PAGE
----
Your case may also present extenuating circumstances that make you unable to return to the workforce. Remember that one of the factors for determining whether or not a person is entitled to receive spousal support requires consideration of the points provide by the Virginia statute. Specifically, the statute requires that consideration be made for “(t)he age and physical and mental condition of the parties and any special circumstances of the family,” and “the extent to which the age, physical or mental condition or special circumstances of any child of the parties would make it appropriate that a party not seek employment outside of the home.” If your disability, or your child’s disability, would make it impractical or impossible for you to seek employment outside of the home, that’s something that the judge or your attorney would help you address during litigation or negotiations.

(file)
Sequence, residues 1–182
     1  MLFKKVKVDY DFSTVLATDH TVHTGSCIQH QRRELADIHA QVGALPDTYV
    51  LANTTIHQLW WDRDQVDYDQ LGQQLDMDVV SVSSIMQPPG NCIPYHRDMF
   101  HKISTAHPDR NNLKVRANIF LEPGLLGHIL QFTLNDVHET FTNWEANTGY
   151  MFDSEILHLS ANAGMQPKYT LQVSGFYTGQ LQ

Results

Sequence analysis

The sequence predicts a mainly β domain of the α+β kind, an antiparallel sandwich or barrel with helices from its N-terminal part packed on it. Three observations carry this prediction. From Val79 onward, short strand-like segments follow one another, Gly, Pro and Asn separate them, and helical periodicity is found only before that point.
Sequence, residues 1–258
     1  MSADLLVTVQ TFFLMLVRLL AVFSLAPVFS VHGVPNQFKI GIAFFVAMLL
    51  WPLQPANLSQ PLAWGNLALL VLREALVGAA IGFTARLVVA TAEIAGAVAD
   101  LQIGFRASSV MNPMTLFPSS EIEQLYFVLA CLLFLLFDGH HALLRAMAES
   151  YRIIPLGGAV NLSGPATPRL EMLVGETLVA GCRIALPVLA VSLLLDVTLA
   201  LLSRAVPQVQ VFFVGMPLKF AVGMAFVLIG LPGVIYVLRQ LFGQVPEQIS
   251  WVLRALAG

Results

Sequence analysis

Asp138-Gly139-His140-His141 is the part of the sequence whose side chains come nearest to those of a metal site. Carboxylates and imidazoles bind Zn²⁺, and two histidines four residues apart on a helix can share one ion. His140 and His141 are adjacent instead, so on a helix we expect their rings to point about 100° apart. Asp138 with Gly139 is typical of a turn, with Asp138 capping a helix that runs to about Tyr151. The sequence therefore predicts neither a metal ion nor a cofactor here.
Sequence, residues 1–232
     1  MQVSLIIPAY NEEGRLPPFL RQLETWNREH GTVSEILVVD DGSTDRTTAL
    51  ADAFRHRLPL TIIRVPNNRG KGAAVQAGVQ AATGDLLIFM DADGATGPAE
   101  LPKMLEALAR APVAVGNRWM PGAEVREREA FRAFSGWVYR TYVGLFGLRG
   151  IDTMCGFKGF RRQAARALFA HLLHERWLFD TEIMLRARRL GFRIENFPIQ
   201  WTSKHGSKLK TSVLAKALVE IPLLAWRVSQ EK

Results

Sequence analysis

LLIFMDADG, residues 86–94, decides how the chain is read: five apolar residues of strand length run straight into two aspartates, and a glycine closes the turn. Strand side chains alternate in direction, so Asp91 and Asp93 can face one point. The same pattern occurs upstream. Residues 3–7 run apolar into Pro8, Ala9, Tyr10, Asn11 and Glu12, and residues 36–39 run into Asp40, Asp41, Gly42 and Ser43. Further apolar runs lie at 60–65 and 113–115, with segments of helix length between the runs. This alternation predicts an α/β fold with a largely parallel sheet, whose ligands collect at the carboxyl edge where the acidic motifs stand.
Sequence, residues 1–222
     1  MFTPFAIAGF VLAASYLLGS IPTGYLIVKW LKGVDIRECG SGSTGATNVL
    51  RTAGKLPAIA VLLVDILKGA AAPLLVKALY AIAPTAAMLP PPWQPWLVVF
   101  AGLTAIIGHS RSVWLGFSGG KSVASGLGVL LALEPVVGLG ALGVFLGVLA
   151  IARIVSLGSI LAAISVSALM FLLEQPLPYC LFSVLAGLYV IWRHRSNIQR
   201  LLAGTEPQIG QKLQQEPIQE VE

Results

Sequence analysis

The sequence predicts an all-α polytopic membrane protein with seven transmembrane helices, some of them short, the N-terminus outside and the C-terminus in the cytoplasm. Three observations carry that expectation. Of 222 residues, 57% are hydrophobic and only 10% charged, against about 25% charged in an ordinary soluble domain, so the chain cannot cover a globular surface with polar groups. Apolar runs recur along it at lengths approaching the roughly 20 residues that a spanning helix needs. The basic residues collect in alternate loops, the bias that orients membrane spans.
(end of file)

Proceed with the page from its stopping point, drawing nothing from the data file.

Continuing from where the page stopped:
Will it help? I can’t make any guarantees. But any information you have about diagnosis or prognosis will be helpful, so you should gather whatever information you can to support your argument that you need more support for a longer period of time based on that disability. At some point, especially if your case goes to court, it may be necessary to involve experts or other people who could come to court to testify about the extent of your or your child’s disability, what is involved in your day to day routine, and what it all means about your ability to work.

It matters, too, what decisions you made during the marriage because of your disability. Did your husband know you were disabled when you got married? Did you work during the marriage? Did you reduce your hours because of your disability? If he knew when you married and allowed your disability to affect how much you worked during the marriage, those facts may work to your advantage. Like anything else, though, it depends on a lot of factors. Still, it’s worth looking into!

What if I’ve been out of the workforce for a really, really long time?